After providing Web-based fundraising support for Sen. John Kerry’s 2004 presidential bid, Pennebaker acted as lead developer on a contribution system that powered online donations to several 2006 Senate campaigns. He also oversaw Sen. Kerry’s multimillion dollar bundling operation for various Democratic candidates.
And he still maintains Al Gore’s national web site.
According to one source, Pennebaker has been with Democracy Engine since 2009.
Democracy Engine’s client list is the usual who’s who of progressive groups, to include the Democratic National Campaign Committee, Planned Parenthood, SEIU, and United Auto Workers. Technology companies providing support to Democracy Engine include Blue State Digital, which originated circa 2003/4 with the Howard Dean campaign, and has been long-associated with the Obama campaigns, and Salsa Labs.
According to the Wikipedia, Salsa Labs
… was co-founded by April Pedersen and Chris Lundberg. Its formation was preceded by DemocracyInAction, a nonprofit organization Pedersen and Lundberg co-founded in 2004 to make online organizing, fundraising, and advocacy tools accessible to smaller nonprofits working to advance social, political, and environmental causes. … Salsa Labs claims that it supports “over 2,000 user groups’ relationships with over 40 million supporters, members, donors, activists, and fans all around the world.”
Pedersen’s LinkedIn bio is lengthy but includes one interesting item: she worked for three months in 1997 as an intern at the pro-Communist anti-American Institute for Policy Studies.
Lundberg, Salsa Lab’s CEO, left in October 2012. Prior to co-founding Democracy In Action, in 2007 Lundberg co-founded Wired for Change, a “consulting and technology services company serving over 400 political campaigns and hundreds of progressive organizations to develop the most innovative and effective online campaigns to encourage engagement, drive message, and promote change.” In January 2013, Pedersen and Lundberg started their third venture, Frakture.
In March 2010, Mark J. Fitzgibbons reported in the American Thinker on the possibly-astroturf Coffee Party and its connections with Democracy In Action, Wired for Change, and George Soros funding:
The Coffee Party website says its 501(c)(4) tax-exempt status is pending with the IRS, which must approve some, but not all, tax-exempt activist entities. Any 501(c)(4) may engage in lobbying, so contributions to them are not deductible. The contribution landing page for the Coffee Party says that it partners with Democracyinaction.org, a 501(c)(3) organization, meaning contributions to the latter are tax-deductible.
The About Page for Democracyinaction.org states that it gets funding from Open Society Institute, George Soros’s organization. Because contributions to 501(c)(3)s are tax-deductible, those funds may not be transferred to 501(c)(4)s, which are allowed to lobby.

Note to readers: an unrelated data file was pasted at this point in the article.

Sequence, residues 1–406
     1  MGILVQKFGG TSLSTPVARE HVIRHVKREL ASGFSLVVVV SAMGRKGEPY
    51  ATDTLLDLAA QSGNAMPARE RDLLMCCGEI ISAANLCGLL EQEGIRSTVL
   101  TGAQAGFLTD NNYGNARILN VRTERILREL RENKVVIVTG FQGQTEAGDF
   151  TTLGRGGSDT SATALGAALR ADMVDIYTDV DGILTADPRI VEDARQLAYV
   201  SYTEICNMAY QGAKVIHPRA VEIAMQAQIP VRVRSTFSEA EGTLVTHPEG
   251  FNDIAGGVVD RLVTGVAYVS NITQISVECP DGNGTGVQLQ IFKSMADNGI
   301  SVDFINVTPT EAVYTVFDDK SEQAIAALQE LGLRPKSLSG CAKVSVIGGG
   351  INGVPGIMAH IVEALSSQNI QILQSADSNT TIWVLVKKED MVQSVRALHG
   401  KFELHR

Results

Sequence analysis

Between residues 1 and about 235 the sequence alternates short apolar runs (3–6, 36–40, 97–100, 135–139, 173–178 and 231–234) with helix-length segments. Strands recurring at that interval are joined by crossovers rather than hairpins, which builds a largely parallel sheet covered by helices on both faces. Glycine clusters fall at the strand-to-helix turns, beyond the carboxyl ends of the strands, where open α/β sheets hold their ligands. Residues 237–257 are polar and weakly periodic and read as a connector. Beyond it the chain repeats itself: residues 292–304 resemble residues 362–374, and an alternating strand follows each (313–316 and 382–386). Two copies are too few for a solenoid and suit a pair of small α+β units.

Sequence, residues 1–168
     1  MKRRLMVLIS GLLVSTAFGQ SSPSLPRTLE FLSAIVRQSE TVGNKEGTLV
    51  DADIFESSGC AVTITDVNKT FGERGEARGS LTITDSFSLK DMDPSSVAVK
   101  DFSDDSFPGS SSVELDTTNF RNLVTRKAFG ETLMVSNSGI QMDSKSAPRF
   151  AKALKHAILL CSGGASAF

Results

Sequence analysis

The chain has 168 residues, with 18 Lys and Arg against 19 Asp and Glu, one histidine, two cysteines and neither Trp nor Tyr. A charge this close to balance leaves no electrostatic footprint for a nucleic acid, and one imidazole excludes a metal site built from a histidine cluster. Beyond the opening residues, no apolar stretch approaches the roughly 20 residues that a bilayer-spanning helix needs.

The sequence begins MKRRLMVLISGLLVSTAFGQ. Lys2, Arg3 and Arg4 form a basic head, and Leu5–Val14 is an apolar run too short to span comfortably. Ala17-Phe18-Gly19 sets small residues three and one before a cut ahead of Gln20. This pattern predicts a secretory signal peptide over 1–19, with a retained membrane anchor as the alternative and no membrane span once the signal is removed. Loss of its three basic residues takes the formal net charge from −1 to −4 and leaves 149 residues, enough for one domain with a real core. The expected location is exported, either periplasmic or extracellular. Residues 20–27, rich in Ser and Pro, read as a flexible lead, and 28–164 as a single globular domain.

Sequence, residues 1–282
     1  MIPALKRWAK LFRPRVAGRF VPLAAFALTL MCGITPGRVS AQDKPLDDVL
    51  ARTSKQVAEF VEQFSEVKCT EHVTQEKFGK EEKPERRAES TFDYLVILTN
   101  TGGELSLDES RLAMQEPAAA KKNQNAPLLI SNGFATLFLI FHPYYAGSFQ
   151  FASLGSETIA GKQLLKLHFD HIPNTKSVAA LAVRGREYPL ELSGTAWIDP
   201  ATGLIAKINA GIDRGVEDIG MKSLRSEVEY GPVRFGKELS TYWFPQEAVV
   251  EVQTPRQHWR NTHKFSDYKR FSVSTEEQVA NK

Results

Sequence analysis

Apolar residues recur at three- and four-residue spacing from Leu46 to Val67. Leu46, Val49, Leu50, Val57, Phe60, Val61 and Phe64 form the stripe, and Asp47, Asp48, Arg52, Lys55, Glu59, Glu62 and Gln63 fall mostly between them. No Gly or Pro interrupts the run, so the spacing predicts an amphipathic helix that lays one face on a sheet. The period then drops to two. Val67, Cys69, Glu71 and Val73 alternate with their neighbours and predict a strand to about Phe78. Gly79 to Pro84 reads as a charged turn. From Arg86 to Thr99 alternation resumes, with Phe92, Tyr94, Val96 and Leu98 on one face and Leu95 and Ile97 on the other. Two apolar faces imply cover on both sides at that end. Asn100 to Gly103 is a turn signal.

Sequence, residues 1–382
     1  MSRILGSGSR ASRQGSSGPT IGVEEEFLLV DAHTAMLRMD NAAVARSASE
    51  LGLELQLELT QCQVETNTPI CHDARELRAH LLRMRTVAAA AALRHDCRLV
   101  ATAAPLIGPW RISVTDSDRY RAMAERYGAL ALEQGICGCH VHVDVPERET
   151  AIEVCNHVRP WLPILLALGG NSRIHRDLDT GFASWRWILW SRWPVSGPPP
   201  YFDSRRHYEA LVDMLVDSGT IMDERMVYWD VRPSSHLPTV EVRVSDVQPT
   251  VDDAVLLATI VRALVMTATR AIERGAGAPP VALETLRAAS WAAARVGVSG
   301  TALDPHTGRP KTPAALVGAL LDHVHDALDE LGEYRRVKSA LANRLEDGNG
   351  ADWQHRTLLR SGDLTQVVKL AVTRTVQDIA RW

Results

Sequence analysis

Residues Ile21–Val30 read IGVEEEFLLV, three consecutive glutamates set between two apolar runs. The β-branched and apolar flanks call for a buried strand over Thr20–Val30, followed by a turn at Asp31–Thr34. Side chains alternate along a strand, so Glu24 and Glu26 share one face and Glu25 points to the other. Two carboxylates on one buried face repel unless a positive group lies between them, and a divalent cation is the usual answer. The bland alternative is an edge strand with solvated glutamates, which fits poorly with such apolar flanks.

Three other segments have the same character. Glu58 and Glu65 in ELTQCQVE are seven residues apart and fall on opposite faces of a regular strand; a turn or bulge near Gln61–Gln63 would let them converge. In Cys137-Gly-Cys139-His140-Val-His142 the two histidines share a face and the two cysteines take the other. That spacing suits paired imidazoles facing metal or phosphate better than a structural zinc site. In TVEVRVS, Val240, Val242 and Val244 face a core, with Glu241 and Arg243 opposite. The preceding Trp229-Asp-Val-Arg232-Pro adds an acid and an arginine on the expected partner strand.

Democracyinaction.org offers professional services the same or similar to what many for-profit companies provide and is described at Guidestar.com as follows:
DemocracyInAction is a nonprofit dedicated to leveraging the unique power of online communications for invigorating those committed to ecology, social justice and human rights. To a broad swath of these social change leaders, we provide cutting-edge e-advocacy tools for pennies on the dollar relative to the fees demanded by the private sector. In a word, we democratize e-activism, freeing practitioners to pour resources into mission and strategy.
The most recent tax return for Democracyinaction.org (its IRS Form 990) shows it gets far less in grants than it earns in program service revenue, which I believe are fees it charges to its progressive clients.
Democracyinaction.org is affiliated with for-profits Salsa Enterprise and Wired for Change. Wired for Change lists its “political organization” clients to include the Democratic Senatorial Campaign Committee, the Democratic Congressional Campaign Committee, and ACORN (and we thought ACORN wasn’t a political organization). Its candidate clients include Chuck Schumer and Jerry Brown.
“In other words,” Fitzgibbons noted, “these organizations are consultants playing in the big leagues.”
The no-longer-available March 2010 Coffee Party Fact Check once addressed the issue of George Soros’ involvement with the Coffee Party and Democracy In Action:
Q: Is Coffee Party USA affiliated with billionaire George Soros, the founder Soros Fund Management and Open Society Institute?
No. Democracy in Action is a vendor that licenses Internet technology for websites, including ours. Democracy in Action has received funding from Mr. Soros, but Coffee Party USA has not received any money from either the Open Society Institute or from Mr. Soros.
The integration of Salsa Labs from Democracy in Action to Democracy Engine was not without issues, however. The Democracy Engine FAQ tells the tale.
Also note that Democracy Engine appears unconnected to the Democracy in Action run by Eric Appleman.
A fall 2004 “sketch” of the John Kerry campaign bears the name of “Eric M. Appleman/Democracy in Action” at the bottom of the page. (Pennebaker is listed here as one of Kerry’s Internet Programmers.) Appleman launched the Democracy in Action web site on the 2000 presidential campaign in May 1998.
A 2008 disclaimer on the George Washington University web site states that
DEMOCRACY IN ACTION is not an official project of the George Washington University and any errors and interpretations are the responsibility of the author, Eric M. Appleman. Mr. Appleman graduated from GWU with a degree in political communications and has focused on analyzing presidential campaigns since then. He has a particular interest in understanding what works and what does not in presidential campaigns and in visual aspects of political communication. DEMOCRACY IN ACTION is not connected to or part of any partisan or ideological group. The site is sponsored in part by GWU’s Institute for Politics, Democracy & the Internet, but receives no funding from the Institute.
However, Appleman’s LinkedIn profile states that he has run Democracy in Action continuously since 1993 (not 1998) and he plans to continue his activities for the 2016 election.
There you have it. All (hopefully) of the pieces linking Code Pink with its “fundraising partner”, Democracy In Action — now known as Democracy Engine.
Next question: Are Code Pink and Democracy Engine still “partners”? Well, silly wabbit, of course they are!
. Code Pink Donations. Check!
. Support Syrian Women and Girls!. Check!
. International Women’s Day Delegation to Gaza. Check!
Check! Check! Check!